Memory Control; The role of NKG2D and the T-cell r.. (NKG2D in T-cells)
Memory Control; The role of NKG2D and the T-cell receptor in memory T cell biology
(NKG2D in T-cells)
Start date: Jun 1, 2011,
End date: May 31, 2013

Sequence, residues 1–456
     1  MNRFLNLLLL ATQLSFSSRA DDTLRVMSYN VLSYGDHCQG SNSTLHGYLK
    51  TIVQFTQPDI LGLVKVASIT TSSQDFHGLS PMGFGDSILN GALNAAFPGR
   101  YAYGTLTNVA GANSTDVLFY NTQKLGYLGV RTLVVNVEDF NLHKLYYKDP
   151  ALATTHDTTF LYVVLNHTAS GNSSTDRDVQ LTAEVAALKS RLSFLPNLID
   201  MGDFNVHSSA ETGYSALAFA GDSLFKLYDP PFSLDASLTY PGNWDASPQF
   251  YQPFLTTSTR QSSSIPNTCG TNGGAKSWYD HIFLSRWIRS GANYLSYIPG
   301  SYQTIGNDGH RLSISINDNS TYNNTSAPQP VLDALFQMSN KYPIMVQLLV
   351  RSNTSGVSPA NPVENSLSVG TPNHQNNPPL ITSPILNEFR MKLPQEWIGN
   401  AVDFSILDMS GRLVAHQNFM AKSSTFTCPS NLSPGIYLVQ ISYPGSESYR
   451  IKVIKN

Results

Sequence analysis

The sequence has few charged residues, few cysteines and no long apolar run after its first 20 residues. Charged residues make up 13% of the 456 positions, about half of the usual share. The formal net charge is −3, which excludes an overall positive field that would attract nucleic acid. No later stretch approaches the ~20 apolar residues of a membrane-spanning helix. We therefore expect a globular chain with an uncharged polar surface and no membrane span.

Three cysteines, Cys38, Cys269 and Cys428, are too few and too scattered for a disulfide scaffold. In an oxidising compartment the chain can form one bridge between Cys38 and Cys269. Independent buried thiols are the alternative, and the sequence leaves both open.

Despite our advances in medical sciences, infectious diseases such as HIV and Hepatitis C remain an important health problem for our society. Also, targeting the immune system towards cancer is a promising therapy to fight this disease. Cellular immunity mediated by memory CD8 T-cells provides vital protection against infections and the development of tumors. Understanding the formation and maintenance of these cells is therefore an essential step towards using these cells in a therapeutic way.Maintenance of T-cells must balance the need of their protective responses with the cost of sustaining specialized cells which may never again in life be required. The mechanisms controlling this balance are largely unknown. NKG2D is expressed on effector and memory T-cells and binds ligands which are upregulated in infected and oncogenic cells. NKG2D signaling promotes survival of lymphocytes via activation of the PI3K-signaling pathway. NK cells deficient for NKG2D undergo apoptosis more rapidly, showing its function in mediating viability and suggesting a role in memory T-cell maintenance. The T-cell receptor (TCR) has also been shown to be important for T-cell survival. TCR deficiency leads to a higher turn-over of memory T-cells. The pro-survival signaling cascade engaged by the TCR is unknown, but recent insights in tonic B-cell receptor signaling suggest involvement of the PI3K pathway.This research project will investigate the role of NKG2D, the TCR and their intracellular signaling in memory T-cell biology. We will conduct our studies on a molecular, cellular and physiological level, using unique mouse models and advanced immunological techniques. We consider our project scientifically and socially relevant, as it will provide new insights in the mechanisms controlling memory T-cell biology. Understanding these processes will provide new leads for future research and their manipulation may pose promising future targets for the development of more efficient vaccines.
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